Set in the Gilder Center, the American Museum of Natural History’s new science building, Tory Burch delivered one photogenic moment after another in a collection that has since been heralded as her most trendy and edgy yet. “[This collection] is defined by dynamic layers that build structure and volume without bulk,” read the show notes, which were left on every seat. The futuristic vibe, a definite departure for the designer who often references the past, came in a form of dresses and caped ensembles with a 3D swirl design. Otherwise, the silhouettes that leaned more towards boxy were build using a mix of materials like breezy linen, sleek silk poplin, and stretchy jersey. Likewise on accessory front, Burch pushed her boundaries. “Handbags are molded to rest on the hip, sunglasses wrap around the face, and shoes are constructed entirely of round edges,” said the show notes. Speaking of the shoes, much ado was made in press about their shape and forward-thinking look solidifying Burch’s newfound trend casting abilities.

TORY BURCH

COACH

New York City of the 1990s inspired the latest Coach collection by Stuart Vevers, who transcribed that energy by way of sheer fabrics, asymmetry, and slip dresses. Leather was the dominating factor here, attempting to deliver the message that the fabric is not just your fall/winter option. For those uninterested by nostalgia, modernity was expressed by buttery leather blazers and suits that were intentionally oversized and boxy. Worth of note, the brand championed sustainability by using “repurposed leatherware and denim” from older collections to create the new silhouettes that appeared on the runway. As for the handbags, Coach’s “hero” items, major standout were definitely the extra-large totes, the latest iterations of the iconic Tabby bag in poppy shades like vivid purple, and the whimsical duck and dog bone-shaped purses. You don’t have to wait for spring to appear to score these. Several models are available for purchase right now through the label’s see-now-buy-now model.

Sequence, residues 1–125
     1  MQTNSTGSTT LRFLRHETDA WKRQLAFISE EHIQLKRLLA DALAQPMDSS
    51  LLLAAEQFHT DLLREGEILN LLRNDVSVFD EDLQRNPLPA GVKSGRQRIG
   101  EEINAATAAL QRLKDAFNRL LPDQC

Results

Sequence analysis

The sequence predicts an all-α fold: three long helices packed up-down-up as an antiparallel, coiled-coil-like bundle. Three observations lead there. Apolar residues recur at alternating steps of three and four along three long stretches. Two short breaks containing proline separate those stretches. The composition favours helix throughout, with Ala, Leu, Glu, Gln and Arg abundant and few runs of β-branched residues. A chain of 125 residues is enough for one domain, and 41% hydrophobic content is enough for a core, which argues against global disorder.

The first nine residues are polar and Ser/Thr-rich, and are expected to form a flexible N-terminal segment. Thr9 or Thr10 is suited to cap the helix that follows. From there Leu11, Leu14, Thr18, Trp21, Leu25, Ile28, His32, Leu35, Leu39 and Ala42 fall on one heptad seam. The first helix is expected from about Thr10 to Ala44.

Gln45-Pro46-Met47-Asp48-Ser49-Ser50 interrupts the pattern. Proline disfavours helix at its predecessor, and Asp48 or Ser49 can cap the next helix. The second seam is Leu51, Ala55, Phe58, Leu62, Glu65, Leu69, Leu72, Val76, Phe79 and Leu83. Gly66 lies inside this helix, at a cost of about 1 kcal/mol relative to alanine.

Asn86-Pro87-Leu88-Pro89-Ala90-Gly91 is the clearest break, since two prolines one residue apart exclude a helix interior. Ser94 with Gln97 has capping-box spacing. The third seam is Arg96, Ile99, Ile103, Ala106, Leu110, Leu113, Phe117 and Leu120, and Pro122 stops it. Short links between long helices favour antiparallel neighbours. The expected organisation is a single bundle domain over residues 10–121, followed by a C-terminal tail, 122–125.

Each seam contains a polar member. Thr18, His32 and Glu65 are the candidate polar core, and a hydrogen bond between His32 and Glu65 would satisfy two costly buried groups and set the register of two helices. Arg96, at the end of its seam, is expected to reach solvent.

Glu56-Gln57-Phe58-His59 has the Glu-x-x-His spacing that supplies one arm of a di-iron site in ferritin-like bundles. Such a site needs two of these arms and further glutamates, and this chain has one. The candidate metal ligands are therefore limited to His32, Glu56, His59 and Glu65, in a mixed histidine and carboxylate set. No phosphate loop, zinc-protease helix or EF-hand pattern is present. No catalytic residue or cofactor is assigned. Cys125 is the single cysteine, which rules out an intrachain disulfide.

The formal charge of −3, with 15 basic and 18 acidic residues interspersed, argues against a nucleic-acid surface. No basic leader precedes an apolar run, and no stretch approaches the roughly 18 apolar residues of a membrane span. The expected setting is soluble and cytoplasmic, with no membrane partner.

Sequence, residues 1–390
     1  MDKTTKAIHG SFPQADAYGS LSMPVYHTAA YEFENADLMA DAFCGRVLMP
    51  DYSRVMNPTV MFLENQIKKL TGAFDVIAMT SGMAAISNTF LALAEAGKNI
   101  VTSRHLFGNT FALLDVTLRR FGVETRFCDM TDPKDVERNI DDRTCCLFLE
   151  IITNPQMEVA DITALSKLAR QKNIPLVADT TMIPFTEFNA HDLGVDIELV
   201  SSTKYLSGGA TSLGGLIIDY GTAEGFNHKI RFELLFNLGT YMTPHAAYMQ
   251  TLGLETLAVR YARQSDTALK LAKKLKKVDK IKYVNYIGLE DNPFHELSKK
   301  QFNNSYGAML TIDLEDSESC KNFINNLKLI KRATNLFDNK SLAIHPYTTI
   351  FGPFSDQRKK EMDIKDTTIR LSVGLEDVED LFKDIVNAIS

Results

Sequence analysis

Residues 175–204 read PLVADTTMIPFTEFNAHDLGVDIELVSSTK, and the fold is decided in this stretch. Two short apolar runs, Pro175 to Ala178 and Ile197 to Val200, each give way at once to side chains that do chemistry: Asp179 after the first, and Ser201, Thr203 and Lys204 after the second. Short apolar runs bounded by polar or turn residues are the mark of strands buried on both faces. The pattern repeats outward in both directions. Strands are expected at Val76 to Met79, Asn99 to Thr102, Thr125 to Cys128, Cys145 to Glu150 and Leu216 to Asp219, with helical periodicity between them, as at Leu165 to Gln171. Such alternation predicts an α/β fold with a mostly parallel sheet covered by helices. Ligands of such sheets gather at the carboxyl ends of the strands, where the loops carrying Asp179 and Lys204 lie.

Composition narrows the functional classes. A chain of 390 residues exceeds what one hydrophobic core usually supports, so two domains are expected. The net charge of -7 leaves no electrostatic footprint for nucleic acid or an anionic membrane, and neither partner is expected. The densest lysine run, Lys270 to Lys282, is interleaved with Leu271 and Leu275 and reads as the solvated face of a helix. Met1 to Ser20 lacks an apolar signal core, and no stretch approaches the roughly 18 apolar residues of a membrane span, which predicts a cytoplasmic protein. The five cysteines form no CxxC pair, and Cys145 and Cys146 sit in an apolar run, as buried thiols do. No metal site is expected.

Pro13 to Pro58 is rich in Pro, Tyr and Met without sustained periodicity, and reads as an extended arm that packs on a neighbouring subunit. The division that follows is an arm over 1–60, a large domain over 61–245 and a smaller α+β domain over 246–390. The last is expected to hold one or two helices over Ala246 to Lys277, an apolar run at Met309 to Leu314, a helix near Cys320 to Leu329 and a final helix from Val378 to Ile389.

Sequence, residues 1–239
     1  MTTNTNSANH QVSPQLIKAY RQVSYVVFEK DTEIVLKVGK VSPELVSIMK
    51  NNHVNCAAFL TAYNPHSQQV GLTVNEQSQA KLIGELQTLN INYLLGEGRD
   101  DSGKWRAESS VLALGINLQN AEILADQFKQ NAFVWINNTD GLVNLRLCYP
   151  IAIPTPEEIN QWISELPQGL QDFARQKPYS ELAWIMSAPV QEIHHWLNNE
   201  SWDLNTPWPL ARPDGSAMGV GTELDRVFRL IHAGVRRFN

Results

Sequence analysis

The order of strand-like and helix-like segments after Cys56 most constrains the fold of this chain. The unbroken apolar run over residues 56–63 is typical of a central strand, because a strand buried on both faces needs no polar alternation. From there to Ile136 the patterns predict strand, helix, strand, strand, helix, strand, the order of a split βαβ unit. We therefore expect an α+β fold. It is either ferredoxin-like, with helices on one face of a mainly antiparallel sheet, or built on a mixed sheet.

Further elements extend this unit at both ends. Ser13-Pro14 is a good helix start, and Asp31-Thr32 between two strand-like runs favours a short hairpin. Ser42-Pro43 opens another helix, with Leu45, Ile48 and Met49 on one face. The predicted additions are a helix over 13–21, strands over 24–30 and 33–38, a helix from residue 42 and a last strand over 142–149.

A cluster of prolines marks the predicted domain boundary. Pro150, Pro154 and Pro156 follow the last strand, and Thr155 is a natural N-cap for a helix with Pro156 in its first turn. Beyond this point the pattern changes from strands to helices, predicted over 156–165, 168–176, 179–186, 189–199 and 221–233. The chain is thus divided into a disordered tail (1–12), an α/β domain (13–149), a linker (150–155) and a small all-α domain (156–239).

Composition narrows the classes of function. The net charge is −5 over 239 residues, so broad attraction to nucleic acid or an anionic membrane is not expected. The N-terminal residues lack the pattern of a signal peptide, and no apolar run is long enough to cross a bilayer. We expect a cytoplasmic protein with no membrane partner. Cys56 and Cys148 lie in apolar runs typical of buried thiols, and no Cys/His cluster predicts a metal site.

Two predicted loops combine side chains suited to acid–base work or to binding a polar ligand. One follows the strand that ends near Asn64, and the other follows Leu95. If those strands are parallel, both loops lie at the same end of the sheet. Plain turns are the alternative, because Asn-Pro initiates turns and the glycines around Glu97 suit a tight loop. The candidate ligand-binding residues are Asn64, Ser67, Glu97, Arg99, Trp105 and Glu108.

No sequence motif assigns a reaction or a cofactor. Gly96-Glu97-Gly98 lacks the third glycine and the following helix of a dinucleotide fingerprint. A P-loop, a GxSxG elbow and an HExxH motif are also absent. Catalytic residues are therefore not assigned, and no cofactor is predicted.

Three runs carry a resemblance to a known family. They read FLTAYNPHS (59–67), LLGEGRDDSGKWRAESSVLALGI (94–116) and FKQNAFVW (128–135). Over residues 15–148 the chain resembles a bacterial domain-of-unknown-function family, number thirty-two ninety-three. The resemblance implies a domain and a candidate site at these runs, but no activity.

Coach

MICHAEL KORS

This spring we will have Michael Kors to thank (or curse, preference pending) for the resurrection of Empire waists and micro-hem lengths, which dominated his presentation held in Brooklyn with Manhattan as the backdrop. Referencing Jane Birkin and barefoot glamour as the inspiration, the presentation was a signature Kors affair targeting women who love to travel, lunch and run the boardroom while dressing in timeless staples that can work for all body types and styles. The palette of black, brown, purple, pink, and white was crafted in sporadic bursts of sequins, chiffon, and lace. There were lace dresses, sheer kaftans, plenty of swimsuits (which were designed as a key part of full outfits), sweaters to throw on after the beach, and some divine light coats that will likely become heirlooms. Most of the shoes were flat, a major statement especially when paired with long sheer or lacy gown. Belts, set low on the hip, played a central part in the Jane Birkin evocation as did fringy totes and baskets that rounded out the resort sprit of the collection.

MICHAEL KORS